Did you ever notice that electrical tape, like a hammer, comes with no instructions? Perhaps the makers figure that everyone automatically knows all the "tricks of the trade". Read on, you may pick up a new wrinkle.
Vinyl electrical tape has been around since 1945, but for a long time after it was introduced, black cotton friction tape was still used for most applications, partly because of the cost difference, partly because of tradition. I remember tearing long strips of half-inch friction tape into quarter-inch wide strips as a cost savings. A unique feature of the adhesive on the friction tape is that it gives off an eerie blue light when the tape is peeled from the roll. It is bright enough to be easily seen in a darkened room. Aside from that trivial fact today's friction tape is used for special applications only as a topcoat for delicate rubber tape as used on high voltage cable spices. Modern materials are superior in every respect. The first vinyl tape I ever saw on the job was gray in color, not black, I suppose it was a telephone company spec.
Make sure to get the type with the + sign, as there is also a plain type 33.
3M also makes product called Temflex, but again type 33+ is suitable for every application, especially outdoors.
This is NOT the same product as the coax-seal, or Radio Shack #278-1645 "sealant for RF connectors". I do not care for that sticky material, dum-dum, or any other putty type material that is hard to remove later. The silicone-tape peels off cleanly and easily, so easily in fact that it needs to be covered with a topcoat of Type 33+ to protect it. This two layer approach, when applied as explained below will give a waterproof seal that is weather resistant, and stays flexible for years, but can easily be removed if changes need to be done to the system.
Any time you wrap tape on a threaded component, make sure you wrap it in the direction that tends to tighten the screw threads, not the other way. That means if you are taping a splice, for example two PL-259's screwed into a double barrel female (PL-258/83-1J) you must tape each connector from the cable end to the barrel center.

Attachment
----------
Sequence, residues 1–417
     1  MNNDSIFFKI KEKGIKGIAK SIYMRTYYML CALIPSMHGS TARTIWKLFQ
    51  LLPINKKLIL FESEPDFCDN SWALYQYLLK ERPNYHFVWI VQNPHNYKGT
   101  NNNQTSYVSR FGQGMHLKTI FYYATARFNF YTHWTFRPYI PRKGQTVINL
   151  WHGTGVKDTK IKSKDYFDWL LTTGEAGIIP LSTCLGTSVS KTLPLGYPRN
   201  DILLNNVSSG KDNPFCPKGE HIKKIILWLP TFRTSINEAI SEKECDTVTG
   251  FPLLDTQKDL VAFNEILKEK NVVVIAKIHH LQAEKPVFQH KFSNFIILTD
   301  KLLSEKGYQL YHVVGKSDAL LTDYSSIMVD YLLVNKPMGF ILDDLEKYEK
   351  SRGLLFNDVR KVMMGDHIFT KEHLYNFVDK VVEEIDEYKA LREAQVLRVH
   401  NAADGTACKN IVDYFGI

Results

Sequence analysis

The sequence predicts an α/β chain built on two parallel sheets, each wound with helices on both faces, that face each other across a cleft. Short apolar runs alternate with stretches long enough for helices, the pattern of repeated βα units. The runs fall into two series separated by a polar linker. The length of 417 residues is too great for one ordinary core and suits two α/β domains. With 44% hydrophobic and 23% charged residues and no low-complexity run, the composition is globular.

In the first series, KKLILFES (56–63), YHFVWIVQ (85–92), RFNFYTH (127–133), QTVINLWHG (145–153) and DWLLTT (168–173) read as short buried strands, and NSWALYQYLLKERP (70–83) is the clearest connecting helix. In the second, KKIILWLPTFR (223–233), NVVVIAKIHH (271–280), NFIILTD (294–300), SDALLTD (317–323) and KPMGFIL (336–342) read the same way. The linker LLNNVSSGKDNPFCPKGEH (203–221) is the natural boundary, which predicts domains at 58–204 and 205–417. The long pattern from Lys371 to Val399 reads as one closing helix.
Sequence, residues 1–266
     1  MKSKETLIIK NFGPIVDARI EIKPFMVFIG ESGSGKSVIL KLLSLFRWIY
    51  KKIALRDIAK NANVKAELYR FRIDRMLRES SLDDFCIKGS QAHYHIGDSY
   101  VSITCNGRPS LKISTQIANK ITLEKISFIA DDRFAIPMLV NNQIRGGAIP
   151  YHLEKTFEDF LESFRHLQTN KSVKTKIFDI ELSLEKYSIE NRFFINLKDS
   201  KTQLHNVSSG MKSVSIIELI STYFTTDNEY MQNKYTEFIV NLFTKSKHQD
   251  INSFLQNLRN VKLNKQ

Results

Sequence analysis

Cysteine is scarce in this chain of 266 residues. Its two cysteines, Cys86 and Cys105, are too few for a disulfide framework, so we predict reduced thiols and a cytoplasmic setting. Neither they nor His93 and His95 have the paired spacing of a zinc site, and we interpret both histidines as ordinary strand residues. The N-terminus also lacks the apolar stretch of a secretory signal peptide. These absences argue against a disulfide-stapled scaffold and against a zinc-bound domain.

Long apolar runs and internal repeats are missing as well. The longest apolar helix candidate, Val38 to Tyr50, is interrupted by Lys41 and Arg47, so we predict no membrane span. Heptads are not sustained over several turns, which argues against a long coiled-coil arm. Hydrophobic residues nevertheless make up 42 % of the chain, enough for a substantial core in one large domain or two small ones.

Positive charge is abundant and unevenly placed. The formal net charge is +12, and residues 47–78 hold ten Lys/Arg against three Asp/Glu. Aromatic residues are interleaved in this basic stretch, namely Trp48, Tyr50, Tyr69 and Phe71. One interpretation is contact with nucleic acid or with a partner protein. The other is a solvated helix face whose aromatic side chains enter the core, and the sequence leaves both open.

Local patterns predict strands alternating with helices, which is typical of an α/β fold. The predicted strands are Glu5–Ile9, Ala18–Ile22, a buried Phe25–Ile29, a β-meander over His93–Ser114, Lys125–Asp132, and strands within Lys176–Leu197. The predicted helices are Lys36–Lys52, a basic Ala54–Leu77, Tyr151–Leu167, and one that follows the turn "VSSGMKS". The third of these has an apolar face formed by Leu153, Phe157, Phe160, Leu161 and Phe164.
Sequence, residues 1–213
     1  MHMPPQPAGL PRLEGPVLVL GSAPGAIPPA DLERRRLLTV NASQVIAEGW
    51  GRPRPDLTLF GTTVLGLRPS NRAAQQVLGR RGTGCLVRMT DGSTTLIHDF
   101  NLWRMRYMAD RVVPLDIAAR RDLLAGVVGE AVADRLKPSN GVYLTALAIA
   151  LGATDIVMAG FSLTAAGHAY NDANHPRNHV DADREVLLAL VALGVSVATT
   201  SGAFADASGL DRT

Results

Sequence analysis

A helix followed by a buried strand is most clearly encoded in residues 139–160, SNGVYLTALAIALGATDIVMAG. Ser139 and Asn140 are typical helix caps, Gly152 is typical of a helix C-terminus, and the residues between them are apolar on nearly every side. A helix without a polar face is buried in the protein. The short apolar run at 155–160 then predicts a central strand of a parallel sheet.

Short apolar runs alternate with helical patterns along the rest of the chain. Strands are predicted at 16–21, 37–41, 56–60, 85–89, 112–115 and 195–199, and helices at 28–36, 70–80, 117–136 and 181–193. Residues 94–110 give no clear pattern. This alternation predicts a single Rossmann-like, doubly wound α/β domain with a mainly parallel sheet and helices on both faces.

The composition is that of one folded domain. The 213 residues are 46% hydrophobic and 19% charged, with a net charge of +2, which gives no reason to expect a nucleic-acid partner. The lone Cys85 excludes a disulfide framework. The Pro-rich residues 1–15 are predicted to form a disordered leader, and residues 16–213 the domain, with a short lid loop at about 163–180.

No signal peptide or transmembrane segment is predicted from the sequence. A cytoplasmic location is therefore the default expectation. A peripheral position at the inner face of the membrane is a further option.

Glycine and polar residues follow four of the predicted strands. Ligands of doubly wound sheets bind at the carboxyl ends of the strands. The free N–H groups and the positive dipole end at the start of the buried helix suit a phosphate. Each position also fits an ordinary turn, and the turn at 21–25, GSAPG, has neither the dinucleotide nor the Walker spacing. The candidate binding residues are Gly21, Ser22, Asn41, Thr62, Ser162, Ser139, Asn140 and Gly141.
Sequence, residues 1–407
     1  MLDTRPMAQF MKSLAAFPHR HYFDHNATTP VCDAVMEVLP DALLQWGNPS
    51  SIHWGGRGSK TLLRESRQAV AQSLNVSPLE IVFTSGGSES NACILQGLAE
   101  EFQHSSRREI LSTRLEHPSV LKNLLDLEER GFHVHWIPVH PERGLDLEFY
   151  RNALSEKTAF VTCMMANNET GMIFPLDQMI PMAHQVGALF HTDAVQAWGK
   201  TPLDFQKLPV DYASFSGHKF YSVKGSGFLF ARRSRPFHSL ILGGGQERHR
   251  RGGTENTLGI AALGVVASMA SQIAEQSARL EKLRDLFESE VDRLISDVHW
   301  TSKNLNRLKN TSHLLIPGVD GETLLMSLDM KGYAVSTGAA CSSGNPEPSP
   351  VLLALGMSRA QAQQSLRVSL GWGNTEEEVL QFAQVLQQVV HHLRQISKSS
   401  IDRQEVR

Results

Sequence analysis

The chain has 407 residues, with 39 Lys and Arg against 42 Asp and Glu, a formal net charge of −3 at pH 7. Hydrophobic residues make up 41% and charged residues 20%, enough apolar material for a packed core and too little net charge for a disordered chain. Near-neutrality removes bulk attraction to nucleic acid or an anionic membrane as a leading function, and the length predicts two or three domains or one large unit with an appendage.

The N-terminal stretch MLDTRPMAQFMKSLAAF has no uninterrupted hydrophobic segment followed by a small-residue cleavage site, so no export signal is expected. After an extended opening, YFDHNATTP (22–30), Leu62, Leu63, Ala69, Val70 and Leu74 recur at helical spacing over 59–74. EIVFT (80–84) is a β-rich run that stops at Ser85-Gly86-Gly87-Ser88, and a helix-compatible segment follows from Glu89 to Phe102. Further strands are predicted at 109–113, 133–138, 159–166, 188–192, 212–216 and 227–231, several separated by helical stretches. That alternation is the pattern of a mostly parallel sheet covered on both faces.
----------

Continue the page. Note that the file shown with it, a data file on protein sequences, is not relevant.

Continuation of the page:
Start at the smallest end, make several tight turns of one-quarter lap for a good seal, then run the tape in one-half laps to the center, with moderate stretch so the diameter of the 33+ is reduced to about five-eighths of it's original width. On the last few turns reduce the stretch tension until it is zero at the last turn, to prevent flagging. Use a scissors to cut the tape end square, as a knife or ripping will add stretch to the last lap and cause it to come loose. Repeat the same strategy from the other side, and meet in the center (if it is a splice kit), overlap the left hand side tape with the right hand side tape. If the connection is to be removed at a relatively short timeframe, fold the last hat does not stick. If the tape job is permanent, simply lay the last lap down flush. Now for the best-kept secret, spray the entire assembly with clear coat enamel or other dielectric spray. I use Krylon Crystal Clear. The over-spray absolutely seals the joint and keeps the ends flat.
Non-electrical uses for electrical tape.
For taping cables to tower legs and other such jobs, consider using the Temflex or straight Type 33 as they both are less expensive and have a slightly higher breaking strength. The superior conformal qualities of the 33+ are not needed in these applications.
One of the most common non electrical uses of vinyl tape is to secure rolls of wire, bundles of tubing, cables to rungs, and many other odd jobs that use the material for other than it's weatherproof or electrical qualities. To tie up a roll of cable, the cheapest grade of black vinyl tape is adequate, except that it leaves a gooey mess behind when removed. The secret here is to make the first full two turns with the sticky side OUT. Then simply twist the tape around on itself and continue making a few more turns with the sticky side IN. This same trick can be used with cellophane tape to secure hardware store bundles of conduit, pipe etc, so that it removes cleanly. Wish I had a nickel for every minute wasted trying to get that sticky mess off copper water pipe before soldering!
Another slick idea Scotch came up with is the color-coded vinyl tape. I've tried many schemes over the years of using red, blue, green white and other color tapes to identify certain cables, for example coax cables in a bundle run up the tower. After toughly confusing myself, I decided to simply use the white tape, and mark the ID on it with a Sharpie permanent marker. Foolproof, and lasts for years.